Seals and sea lions are killing even more adult salmon in the Columbia River than previously thought, according to a federal fisheries agency.
Preliminary results of research by the National Marine Fisheries Service that began in 2010 show a steady increase in fish mortality over a five-year period that may be attributable to seals and sea lions. Adult salmon returning from the ocean to the Columbia River Basin are being killed by seals and sea lions between the estuary and Bonneville Dam in “alarming numbers,” according to the agency.
This year, the average spring Chinook salmon survival was just 55 percent, down from 69 percent in 2013 and 82 percent in 2012, according to a news release from the Northwest Power and Conservation Council. This means approximately 45 percent of the 2014 spring Chinook run died somewhere between the mouth of the river and Bonneville Dam, in addition to those taken by fishermen.
“Even I have a hard time believing those numbers, but at least through 2013, estimates of fish mortality do fall within theoretical estimates of predation,” lead researcher Dr. Michelle Wargo-Rub said in the release. Wargo-Rub presented the information to the council’s Fish and Wildlife Committee this week in Portland.
Wargo-Rub said fish mortality, and the number of sea lions in the Columbia River estuary, have increased dramatically in recent years. NOAA research focuses on spring Chinook because that is the time of year when the sea lion population is largest in the river. Sea lions also eat sturgeon, though that species wasn’t addressed in this study.
The number of sea lions observed at haul-out sites near Astoria by Oregon Department of Fish and Wildlife staff increased from 72 in 2011 to 616 this year.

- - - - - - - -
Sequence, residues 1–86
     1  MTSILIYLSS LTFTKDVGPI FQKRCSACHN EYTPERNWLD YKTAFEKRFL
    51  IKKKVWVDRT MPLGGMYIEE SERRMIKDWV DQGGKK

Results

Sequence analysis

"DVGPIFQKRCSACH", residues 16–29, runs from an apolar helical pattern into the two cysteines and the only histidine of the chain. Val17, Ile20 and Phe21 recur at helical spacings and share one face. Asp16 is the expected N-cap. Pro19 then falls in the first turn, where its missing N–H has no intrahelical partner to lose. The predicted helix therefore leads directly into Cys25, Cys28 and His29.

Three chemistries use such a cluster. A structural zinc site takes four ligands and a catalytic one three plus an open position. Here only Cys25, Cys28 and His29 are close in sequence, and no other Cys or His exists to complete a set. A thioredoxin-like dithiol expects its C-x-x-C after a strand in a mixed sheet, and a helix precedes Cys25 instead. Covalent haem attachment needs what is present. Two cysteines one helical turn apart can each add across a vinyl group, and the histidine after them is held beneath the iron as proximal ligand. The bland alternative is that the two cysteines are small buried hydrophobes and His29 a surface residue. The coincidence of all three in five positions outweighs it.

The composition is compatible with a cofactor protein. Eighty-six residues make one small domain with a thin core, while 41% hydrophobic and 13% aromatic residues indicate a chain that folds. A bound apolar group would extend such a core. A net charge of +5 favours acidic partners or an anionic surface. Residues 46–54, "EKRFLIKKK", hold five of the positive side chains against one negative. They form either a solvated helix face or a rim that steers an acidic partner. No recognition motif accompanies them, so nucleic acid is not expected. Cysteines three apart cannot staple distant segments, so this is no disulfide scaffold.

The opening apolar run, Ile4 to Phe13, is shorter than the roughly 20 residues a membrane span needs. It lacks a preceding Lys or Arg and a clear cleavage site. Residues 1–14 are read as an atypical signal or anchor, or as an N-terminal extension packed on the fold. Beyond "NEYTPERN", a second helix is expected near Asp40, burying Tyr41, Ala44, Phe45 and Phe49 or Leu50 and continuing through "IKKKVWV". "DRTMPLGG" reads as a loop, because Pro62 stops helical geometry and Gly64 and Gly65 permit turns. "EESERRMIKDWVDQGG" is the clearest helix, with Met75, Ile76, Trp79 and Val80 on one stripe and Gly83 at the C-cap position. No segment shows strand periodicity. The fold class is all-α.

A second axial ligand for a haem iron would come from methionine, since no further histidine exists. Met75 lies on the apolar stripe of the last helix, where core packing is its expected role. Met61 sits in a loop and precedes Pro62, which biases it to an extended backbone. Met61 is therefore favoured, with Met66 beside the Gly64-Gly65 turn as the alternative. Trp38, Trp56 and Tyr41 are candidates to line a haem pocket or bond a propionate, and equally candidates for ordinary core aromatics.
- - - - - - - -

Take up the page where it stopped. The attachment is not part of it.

This year, sea lions ate 4,746 salmon and steelhead at Bonneville Dam, which is higher than the past three years. Though sea lions are monitored extensively at the dam, researchers don’t know how many salmonids are munched farther downstream. However, an ODFW marine mammal researcher earlier this year told the Oregonian that the fish kill at the dam is “a very, very minimal estimate of the total loss” on the river.
In 2010, as many as 7,000 marine mammals -- 3,000 California and Stellar sea lions and 4,000 harbor seals -- were estimated to live in the Columbia and the nearby part of the ocean for all or part of the year. Ninety percent of those were thought to live in the lower river and estuary.
Mostly males, the sea lions follow the spring-returning fish between March and May. Most of the sea lions then go to breeding grounds off southern California in the summer.
Wargo-Rub and her research team catch and tag salmon in the estuary near Astoria. More than 2,200 salmon have been tagged since the research project began, and of those about 68 percent were determined by genetic testing to be destined for the river and tributaries above Bonneville.
Survival varies over the course of the run, Wargo-Rub said. It appears that a higher proportion of early-migrating fish die before reaching Bonneville Dam than fish that migrate later in the spring. Early returning fish also take longer to reach the dam and so are exposed to potential predation for a longer time, she said.
In the news release, Phil Rockefeller, a Washington member of the Power and Conservation Council, pointed out that the council’s Columbia River Basin Fish and Wildlife Program calls on federal agencies to use their authorities to reduce predation losses caused by seals and sea lions. The council has also called for federal funding of additional research to determine how many salmonids, sturgeon and lamprey are being eaten by sea lions and seals from Bonneville Dam to the Columbia River mouth.
Since 2008, Washington and Oregon have been trapping and killing California sea lions at the dam. Fifteen were trapped this year. The trapping program has been controversial and was the subject of an unsuccessful law suit from the Humane Society of the United States. There’s even a Facebook page called “Save the Bonneville Sea Lions.”